2
$\begingroup$

Would one get 1-(1-chloroethyl)-1-methylcyclobutane?

I am not sure if the driving force identification is correct? Is my going from a 2° to a 3° carbocation correct? Does anyone have any tips for knowing when to look out for rearrangements?

$\endgroup$
3
$\begingroup$

I think the solvolysis would involve rearrangement to the cyclopentyl carbocation as indicated in the figure below. The driving force for the rearrangement is two-fold

  1. without rearrangement, the cyclobutyl compound would generate a secondary carbocation; with rearrangement a more stable tertiary carbocation is generated instead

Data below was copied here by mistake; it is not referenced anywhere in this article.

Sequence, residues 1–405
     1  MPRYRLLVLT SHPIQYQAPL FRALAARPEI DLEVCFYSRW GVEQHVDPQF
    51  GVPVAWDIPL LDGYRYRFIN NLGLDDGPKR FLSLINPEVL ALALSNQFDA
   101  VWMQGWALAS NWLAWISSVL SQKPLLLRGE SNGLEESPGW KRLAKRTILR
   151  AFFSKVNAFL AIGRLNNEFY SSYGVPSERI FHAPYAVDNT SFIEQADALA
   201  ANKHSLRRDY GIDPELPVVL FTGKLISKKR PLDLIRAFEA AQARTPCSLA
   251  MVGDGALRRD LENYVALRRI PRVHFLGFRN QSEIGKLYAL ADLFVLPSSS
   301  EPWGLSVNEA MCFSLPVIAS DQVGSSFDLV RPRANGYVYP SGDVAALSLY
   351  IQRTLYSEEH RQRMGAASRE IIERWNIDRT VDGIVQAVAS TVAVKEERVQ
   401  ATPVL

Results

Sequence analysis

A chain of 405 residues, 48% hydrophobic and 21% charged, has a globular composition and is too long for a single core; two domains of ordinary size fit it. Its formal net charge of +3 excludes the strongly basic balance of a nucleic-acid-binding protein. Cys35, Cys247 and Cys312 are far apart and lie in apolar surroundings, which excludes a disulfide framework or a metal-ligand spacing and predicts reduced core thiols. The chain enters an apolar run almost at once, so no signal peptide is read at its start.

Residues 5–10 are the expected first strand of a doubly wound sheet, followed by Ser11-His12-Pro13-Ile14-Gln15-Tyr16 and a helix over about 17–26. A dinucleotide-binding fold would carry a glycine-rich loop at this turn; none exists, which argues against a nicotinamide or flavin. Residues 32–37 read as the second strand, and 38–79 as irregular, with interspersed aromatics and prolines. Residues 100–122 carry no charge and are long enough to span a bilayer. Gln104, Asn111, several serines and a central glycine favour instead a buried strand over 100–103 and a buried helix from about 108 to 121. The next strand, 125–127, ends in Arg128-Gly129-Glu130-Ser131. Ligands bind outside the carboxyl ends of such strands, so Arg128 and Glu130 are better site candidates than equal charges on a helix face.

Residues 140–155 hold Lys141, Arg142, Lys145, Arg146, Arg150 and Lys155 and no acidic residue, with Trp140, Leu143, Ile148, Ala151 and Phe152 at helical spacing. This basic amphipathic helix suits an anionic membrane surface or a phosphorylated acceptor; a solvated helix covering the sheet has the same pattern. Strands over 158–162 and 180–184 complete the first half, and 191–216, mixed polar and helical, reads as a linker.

2. release of strain as the 4-membered ring opens to a 5-membered ring

enter image description here

The tertiary cyclopentyl carbocation ultimately captures a solvent molecule as indicated.

$\endgroup$
  • $\begingroup$ the + charge goes onto the cyclic ring. Does that destabilize the ring more than having a 4-membered ring? $\endgroup$ – yolo123 Nov 1 '14 at 20:45
  • $\begingroup$ An $\ce{sp^2}$ carbon would like to be around 120 degrees; that angle is not destabilizing in 5-membered or larger rings. $\endgroup$ – ron Nov 1 '14 at 20:53

Your Answer

By clicking “Post Your Answer”, you agree to our terms of service, privacy policy and cookie policy

Not the answer you're looking for? Browse other questions tagged or ask your own question.